Requests for Closed-Door Sessions Annoy the Judge in the Gbagbo – Blé Goudé Trial

The day of May 16 was marked by a relentless succession of closed-door sessions and the testimony of P-576, a close relative to a victim in the Abobo women’s march on 3 March 2011.

Closed session after closed session…. In the Prosecutor vs. Laurent Gbagbo and Charles Blé Goudé case, hearings are often interspersed with closed sessions, but in this regard, the day of May 16 was particularly grueling even for Presiding Judge Cuno Tarfusser, who found these closed-door sessions too repetitive. At the end of the day, after yet another request for a closed session, he addressed the defense, the prosecution and the victims’ representative: “I’m now talking to all of you… I think you are exaggerating a bit [with closed-door sessions].”

So it was a hearing often held behind closed doors that saw a new witness appear in the courtroom of the International Criminal Court (ICC) on Monday. Despite numerous closed-door sessions, it was possible to have a description of this Abobo man, apparently a rather old man, since he said he lived in the City of Abidjan for over 45 years. He also said he knew a person (called “individual A” in public hearing) who was killed during the Abobo women’s march on 3 March 2011.

No “feelings” during testimonies before the Court

The Deputy Prosecutor showed the man a video of the march, where gunfire is heard and then dead and wounded people are seen. The witness said he watched this video on France 24 and added that he recognized “individual A” on this video.

Massida Paolina, the victims’ representative, questioned the man on the ceremonies to pay homage to the dead in the march. Her last question was on the “feelings” of the victim today. This question was brushed aside by the judge, who made it clear that even though the Court understood the pain of the witness, this was “a statement,” and “feelings” were therefore not in order.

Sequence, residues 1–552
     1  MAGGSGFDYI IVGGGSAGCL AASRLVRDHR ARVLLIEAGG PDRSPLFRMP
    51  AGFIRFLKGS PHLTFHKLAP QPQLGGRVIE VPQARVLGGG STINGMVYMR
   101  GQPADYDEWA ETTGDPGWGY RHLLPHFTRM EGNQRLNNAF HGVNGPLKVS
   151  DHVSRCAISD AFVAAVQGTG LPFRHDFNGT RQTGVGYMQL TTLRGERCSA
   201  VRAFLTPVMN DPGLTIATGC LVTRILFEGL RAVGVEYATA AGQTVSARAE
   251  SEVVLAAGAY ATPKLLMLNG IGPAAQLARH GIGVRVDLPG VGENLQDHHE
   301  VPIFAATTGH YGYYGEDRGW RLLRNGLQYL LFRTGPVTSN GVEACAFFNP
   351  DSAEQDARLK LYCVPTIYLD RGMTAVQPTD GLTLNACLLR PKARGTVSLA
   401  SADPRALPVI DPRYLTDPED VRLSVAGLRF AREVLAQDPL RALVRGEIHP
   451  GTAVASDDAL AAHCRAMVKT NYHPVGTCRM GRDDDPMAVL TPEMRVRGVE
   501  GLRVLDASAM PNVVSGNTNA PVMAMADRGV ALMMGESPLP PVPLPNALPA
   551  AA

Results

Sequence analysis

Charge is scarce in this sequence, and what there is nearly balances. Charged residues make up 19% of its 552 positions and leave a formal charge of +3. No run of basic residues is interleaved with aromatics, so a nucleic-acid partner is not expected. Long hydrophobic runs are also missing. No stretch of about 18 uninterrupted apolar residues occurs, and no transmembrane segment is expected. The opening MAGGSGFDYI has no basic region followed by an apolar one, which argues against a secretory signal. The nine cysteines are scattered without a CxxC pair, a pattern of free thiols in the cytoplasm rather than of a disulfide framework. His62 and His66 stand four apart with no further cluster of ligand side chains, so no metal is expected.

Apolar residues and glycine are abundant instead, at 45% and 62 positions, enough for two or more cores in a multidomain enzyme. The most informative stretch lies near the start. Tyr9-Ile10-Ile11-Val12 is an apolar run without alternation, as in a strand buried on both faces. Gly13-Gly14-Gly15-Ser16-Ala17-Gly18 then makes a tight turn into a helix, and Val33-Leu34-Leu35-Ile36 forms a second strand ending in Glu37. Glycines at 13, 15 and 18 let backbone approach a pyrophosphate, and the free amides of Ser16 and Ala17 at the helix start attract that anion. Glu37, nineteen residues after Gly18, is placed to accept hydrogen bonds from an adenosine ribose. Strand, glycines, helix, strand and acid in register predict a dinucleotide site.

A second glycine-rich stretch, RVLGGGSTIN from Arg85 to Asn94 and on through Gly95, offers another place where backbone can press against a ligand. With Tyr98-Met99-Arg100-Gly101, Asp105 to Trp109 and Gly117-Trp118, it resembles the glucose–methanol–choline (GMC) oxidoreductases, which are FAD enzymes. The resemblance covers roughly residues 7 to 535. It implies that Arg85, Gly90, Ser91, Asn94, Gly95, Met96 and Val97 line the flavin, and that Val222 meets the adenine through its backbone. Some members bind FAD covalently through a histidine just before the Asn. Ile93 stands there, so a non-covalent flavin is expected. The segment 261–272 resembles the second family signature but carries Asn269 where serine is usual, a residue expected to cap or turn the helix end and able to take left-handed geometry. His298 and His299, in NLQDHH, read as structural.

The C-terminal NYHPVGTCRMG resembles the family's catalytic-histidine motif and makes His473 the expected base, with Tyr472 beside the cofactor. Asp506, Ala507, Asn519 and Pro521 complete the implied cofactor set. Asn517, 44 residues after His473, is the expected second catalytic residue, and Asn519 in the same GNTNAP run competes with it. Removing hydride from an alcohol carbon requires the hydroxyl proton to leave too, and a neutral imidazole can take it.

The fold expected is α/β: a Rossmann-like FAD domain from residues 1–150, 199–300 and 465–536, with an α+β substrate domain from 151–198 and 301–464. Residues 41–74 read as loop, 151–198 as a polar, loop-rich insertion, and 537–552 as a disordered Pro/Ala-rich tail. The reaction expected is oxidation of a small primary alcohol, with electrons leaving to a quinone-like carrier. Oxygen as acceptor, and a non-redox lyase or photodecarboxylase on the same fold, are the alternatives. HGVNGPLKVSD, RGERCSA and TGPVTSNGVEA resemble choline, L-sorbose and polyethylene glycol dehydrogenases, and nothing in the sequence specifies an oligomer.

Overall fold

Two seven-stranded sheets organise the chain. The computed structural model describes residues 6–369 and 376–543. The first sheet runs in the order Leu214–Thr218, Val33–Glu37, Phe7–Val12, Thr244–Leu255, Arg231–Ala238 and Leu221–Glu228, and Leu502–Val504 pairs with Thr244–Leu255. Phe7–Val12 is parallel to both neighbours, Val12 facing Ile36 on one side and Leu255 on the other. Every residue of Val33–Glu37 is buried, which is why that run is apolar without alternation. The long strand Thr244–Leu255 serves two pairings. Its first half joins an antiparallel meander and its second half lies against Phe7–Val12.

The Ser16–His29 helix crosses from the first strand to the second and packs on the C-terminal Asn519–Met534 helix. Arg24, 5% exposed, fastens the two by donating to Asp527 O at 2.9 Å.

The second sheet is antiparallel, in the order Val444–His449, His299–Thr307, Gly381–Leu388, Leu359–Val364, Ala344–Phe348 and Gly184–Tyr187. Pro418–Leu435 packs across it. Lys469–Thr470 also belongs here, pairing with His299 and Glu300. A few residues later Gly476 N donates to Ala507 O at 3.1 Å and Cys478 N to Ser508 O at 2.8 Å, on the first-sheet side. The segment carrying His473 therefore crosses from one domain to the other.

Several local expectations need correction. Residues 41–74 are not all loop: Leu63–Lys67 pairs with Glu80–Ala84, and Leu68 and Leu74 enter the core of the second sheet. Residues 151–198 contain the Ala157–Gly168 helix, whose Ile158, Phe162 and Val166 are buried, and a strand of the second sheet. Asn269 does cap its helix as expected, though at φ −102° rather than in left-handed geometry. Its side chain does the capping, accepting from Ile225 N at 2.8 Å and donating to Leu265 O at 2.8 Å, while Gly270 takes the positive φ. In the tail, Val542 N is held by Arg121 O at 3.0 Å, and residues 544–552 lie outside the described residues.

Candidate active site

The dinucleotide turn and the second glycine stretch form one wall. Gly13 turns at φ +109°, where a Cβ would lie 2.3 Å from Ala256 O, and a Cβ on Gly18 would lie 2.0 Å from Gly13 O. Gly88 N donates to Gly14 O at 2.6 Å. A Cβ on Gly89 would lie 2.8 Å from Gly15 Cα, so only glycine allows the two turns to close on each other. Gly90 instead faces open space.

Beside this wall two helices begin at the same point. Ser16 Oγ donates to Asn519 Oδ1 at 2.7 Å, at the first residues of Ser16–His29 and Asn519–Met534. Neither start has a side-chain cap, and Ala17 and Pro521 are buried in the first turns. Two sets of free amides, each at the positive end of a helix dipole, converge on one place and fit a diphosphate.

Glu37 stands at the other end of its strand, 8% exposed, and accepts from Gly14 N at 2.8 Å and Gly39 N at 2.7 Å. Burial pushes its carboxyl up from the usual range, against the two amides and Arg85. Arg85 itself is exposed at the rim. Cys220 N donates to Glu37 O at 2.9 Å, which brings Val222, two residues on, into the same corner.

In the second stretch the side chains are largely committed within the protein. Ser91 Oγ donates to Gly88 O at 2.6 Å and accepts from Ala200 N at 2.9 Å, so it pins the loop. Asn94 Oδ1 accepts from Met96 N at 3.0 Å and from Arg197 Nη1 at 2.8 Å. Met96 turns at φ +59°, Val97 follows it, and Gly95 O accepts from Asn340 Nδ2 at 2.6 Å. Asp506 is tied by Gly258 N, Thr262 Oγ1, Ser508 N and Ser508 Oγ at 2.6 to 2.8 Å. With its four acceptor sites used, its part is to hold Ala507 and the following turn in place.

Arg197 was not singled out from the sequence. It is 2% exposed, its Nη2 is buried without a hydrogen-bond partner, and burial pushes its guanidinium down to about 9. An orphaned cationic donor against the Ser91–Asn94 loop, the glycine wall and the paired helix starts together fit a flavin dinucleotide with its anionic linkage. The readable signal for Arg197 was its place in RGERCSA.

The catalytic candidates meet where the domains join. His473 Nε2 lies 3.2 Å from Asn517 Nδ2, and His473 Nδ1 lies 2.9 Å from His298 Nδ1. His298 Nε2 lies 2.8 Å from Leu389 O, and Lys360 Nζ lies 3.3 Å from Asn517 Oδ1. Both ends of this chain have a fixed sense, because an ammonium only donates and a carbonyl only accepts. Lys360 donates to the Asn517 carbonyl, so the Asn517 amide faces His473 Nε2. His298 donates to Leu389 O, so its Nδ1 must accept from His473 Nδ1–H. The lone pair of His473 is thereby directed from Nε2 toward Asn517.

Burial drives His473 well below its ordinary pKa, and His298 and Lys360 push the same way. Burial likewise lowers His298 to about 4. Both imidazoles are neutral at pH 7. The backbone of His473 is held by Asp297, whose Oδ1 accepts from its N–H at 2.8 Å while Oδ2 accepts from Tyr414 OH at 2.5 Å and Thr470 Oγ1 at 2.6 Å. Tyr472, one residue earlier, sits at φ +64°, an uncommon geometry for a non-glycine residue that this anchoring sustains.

In Abobo, “FDS and rebel groups” clashed everywhere

Jennifer Naouri, a lawyer for Laurent Gbagbo, took over the examination. Here we learned that the witness was aware of the shooting around 10am that day. He then asked a relative to go to the scene to see what had happened. This person allegedly found “individual A” dead. The witness then went to the Banco Crossroads, and when he got there, all corpses had been removed and there remained only wounded people.

Then in the last part of her questioning for the day, Naouri focused on security in Abobo. “There was fighting everywhere [in Abobo],” the witness said. “Who was fighting?” Naouri asked. “The FDS [Defense and Security Forces] and rebel groups who had come along,” the witness answered.


Laurent Gbagbo and Charles Blé Goudé are charged with four counts of crimes against humanity, including murder, rape, and other inhumane acts, or – in the alternative – attempted murder and persecution. The accused allegedly committed these crimes during post-electoral violence in Côte d’Ivoire between December 16, 2010 and April 12, 2011.

This summary comes from Ivoire Justice , a project of Radio Netherlands Worldwide(RNW), which offers monitoring and commentary on the ICC’s proceedings arising from the post-election violence that occurred in Cote d’Ivoire in 2010-2011. It has been translated into English for use on International Justice Monitor.